Dimitris is a form of the Greek name Demetrios and may refer to: Dimitris Andrikopoulos, Greek-Dutch composer Dimitris Arvanitis, Greek professional football defender who plays for OFI Crete in Greek Super League Dimitris Avramopoulos, Greek politician and diplomat Dimitris Basis, Greek singer musician Dimitris Bogdanos, Greek professional basketball player Dimitris Christofias, left-wing Greek Cypriot politician, President of the Republic of Cyprus Dimitris Diamantidis, Greek professional basketball player Dimitris Dimakopoulos, retired Greek professional basketball player Dimitris Dimitrakos, Greek philosopher Professor at the University of Athens Dimitris Dragatakis, Greek composer of classical music Dimitris Drosos, Greek businessman, ex-chairman of AEK Athens BC, current chairman of PAOK BC Dimitris Giantsis, Greek footballer Dimitris Giovanakis, Greek football player Dimitris Glinos, Greek philosopher and politician Dimitris Horn, Greek theatrical and film performer Dimitris Karademitros, Greek footballer Dimitris Komesidis, professional football defender Dimitris Kontopoulos, Greek music composer known for his dance-pop music Dimitris Koutromanos, Greek football player Dimitris Koutsoukis, retired Greek shot putter Dimitris Kraniotis, Greek dancer and poet who lives in France Dimitris Kyriakidis, Greek footballer Dimitris Liantinis, Greek deputy professor at University of Athens who disappeared Dimitris Lipertis, Cypriotpoet Dimitris Lyacos, contemporary Greek poet and playwright Dimitris Mardas, Greek economist Dimitris Markos, retired Greek football midfielder Dimitris Marmarinos, Greek professional basketball player Dimitris Mavroeidis, Greek professional basketball player Dimitris Mavrogenidis, Uzbekistan-born Greek football right-back Dimitris Melissanidis, Greek businessman and Oil tycoon Dimitris Mitropanos, Greek singer in the Laïkó Greek music style Dimitris Mytaras, Greek artist born in Chalkis Dimitris Nalitzis, Greek footballer Dimitris Nikolaidis, Greek actor Dimitris Papaditsas, Greek poet Dimitris Papadopoulos, retired Greek professional basketball player Dimitris Papaioannou, Greek avant-garde stage director and visual artist Dimitris Papamichael, famous Greek actor and director Dimitris Papanikolaou, Greek professional basketball player Dimitris Papanikolau, Greek professional basketball player Dimitris Petkakis, football player Dimitris Pikionis, major Greek architect Dimitris Plapoutas, Greek general who fought during the Greek War of Independence Dimitris Potiropoulos, Greek architect Dimitris Poulianos, prodigious Greek artist Dimitris Poulikakos, Greek actor and rock singer Dimitris Psathas, famous modern Greek satirist and playwright Dimitris Rizos, Greek goalkeeper Dimitris Rontiris, Greek actor and director Dimitris Roussis, professional football defender Dimitris Salpingidis, Greek footballer Dimitris Samaras, Greek footballer Dimitris Sgouros, Greek pianist Dimitris Sialmas, Greek footballer Dimitris Sioufas, Greek lawyer and New Democracy politician Dimitris Siovas, Greek football player Dimitris Soudas, Associate Communications Director and Spokesman to the Prime Minister of Canada Dimitris Soulas, former Greek photojournalist Dimitris Spanoulis, Greek professional basketball player Dimitris Spentzopoulos, former Greek footballer born in Patras Dimitris Thanopoulos, football midfielder without a team Dimitris Tsaldaris, Greek professional basketball player Dimitris Tsaloumas, contemporary Greek-Australian poet Dimitris Tsovolas, politician of Greece Dimitris Tziotis, the President and CEO of Cleverbank, a strategy consultancy in Greece Dimitris Varos, modern Greek poet and photographer Dimitris Verginis, Greek professional basketball player Dimitris Vlastellis, Greek football player Dimitris Voyatzis, Greek film director, producer, editor, a screenwriter and a folk musician Dimitris Yeros, one of the most influential Greek artists of his generation Dimitris Zouliotis, Greek football player List of Dimitris Papaioannou comics List of Dimitris Papaioannou works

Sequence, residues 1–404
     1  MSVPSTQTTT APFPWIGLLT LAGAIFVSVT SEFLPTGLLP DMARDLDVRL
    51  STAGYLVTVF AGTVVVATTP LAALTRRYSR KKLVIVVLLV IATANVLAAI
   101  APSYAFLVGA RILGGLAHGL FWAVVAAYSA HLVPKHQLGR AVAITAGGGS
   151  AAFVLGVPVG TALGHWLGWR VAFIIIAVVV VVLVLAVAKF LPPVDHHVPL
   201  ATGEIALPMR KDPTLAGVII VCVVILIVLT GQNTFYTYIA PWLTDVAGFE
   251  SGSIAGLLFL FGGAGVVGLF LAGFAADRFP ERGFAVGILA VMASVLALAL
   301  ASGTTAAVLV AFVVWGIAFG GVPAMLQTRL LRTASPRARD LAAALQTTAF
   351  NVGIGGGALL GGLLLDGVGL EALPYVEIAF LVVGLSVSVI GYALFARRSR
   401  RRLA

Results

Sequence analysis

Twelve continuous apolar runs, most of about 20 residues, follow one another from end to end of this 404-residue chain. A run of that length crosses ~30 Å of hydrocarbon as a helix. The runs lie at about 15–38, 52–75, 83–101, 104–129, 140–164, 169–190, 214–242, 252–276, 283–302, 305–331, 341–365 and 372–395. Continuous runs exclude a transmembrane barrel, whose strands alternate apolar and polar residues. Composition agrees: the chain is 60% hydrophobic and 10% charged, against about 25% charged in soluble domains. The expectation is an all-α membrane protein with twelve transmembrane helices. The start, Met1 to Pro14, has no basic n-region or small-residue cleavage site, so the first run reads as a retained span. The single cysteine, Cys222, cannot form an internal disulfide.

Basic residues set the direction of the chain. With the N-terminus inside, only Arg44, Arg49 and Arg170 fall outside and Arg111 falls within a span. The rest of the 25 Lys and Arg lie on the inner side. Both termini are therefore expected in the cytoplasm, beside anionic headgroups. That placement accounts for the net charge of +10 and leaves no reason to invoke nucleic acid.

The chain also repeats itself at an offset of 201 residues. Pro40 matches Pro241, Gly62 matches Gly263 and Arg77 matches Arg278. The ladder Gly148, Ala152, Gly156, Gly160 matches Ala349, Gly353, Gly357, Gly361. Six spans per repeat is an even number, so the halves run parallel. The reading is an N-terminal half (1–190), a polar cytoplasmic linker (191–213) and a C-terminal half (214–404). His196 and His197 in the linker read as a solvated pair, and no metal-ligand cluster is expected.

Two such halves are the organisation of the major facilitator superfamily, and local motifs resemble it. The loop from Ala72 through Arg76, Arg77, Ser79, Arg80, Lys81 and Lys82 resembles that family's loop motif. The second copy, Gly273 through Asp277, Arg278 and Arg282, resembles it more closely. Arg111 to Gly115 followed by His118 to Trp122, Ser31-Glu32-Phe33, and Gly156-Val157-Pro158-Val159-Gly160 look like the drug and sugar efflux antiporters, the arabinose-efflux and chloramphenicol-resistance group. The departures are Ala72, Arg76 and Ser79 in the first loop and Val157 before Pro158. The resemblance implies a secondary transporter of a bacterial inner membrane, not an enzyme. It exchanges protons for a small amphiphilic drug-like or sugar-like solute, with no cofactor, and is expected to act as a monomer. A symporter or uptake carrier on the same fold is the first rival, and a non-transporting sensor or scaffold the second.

Baton Rouge Magnet High School is a public magnet school in Baton Rouge, founded in 1880. It is part of the East Baton Rouge Parish School System with a student body of 1500 students; the current building was built in 1926, and, as Baton Rouge High School, was listed on the National Register of Historic Places in 1986. The campus underwent a two-year renovation and expansion starting in 2010, resulting in the addition of two new wings to the main building; this renovation was completed and the school reopened in fall 2012. Baton Rouge High is one of the highest-ranked schools in the state, wins state-level academic competitions; the school requires students to exceed graduation standards. As a result, nearly all graduating students attend college. In 1903, T. H. Harris was named principal of Baton Rouge High School. Five years he became the state education superintendent and held that post until 1940; the present campus was put into use in 1925. Additional buildings were added and renovations made during the 1950s.